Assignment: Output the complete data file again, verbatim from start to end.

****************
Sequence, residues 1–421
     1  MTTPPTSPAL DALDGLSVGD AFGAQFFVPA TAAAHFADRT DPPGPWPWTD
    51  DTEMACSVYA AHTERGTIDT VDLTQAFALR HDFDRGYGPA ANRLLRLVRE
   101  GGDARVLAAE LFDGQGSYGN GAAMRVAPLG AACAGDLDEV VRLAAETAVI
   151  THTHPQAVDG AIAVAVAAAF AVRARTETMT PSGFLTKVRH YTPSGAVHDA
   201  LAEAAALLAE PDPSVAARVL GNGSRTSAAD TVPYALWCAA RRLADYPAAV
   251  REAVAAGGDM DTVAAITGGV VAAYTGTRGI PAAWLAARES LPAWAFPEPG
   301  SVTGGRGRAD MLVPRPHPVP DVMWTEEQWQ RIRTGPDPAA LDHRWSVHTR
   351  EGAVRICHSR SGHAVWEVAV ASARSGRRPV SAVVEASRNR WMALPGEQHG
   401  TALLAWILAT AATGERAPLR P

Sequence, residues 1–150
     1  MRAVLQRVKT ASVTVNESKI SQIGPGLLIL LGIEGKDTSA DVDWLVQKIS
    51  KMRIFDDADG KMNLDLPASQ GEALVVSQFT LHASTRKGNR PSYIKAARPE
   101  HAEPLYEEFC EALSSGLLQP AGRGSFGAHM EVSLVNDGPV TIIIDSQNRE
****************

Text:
Sequence, residues 1–421
     1  MTTPPTSPAL DALDGLSVGD AFGAQFFVPA TAAAHFADRT DPPGPWPWTD
    51  DTEMACSVYA AHTERGTIDT VDLTQAFALR HDFDRGYGPA ANRLLRLVRE
   101  GGDARVLAAE LFDGQGSYGN GAAMRVAPLG AACAGDLDEV VRLAAETAVI
   151  THTHPQAVDG AIAVAVAAAF AVRARTETMT PSGFLTKVRH YTPSGAVHDA
   201  LAEAAALLAE PDPSVAARVL GNGSRTSAAD TVPYALWCAA RRLADYPAAV
   251  REAVAAGGDM DTVAAITGGV VAAYTGTRGI PAAWLAARES LPAWAFPEPG
   301  SVTGGRGRAD MLVPRPHPVP DVMWTEEQWQ RIRTGPDPAA LDHRWSVHTR
   351  EGAVRICHSR SGHAVWEVAV ASARSGRRPV SAVVEASRNR WMALPGEQHG
   401  TALLAWILAT AATGERAPLR P

Sequence, residues 1–150
     1  MRAVLQRVKT ASVTVNESKI SQIGPGLLIL LGIEGKDTSA DVDWLVQKIS
    51  KMRIFDDADG KMNLDLPASQ GEALVVSQFT LHASTRKGNR PSYIKAARPE
   101  HAEPLYEEFC EALSSGLLQP AGRGSFGAHM EVSLVNDGPV TIIIDSQNRE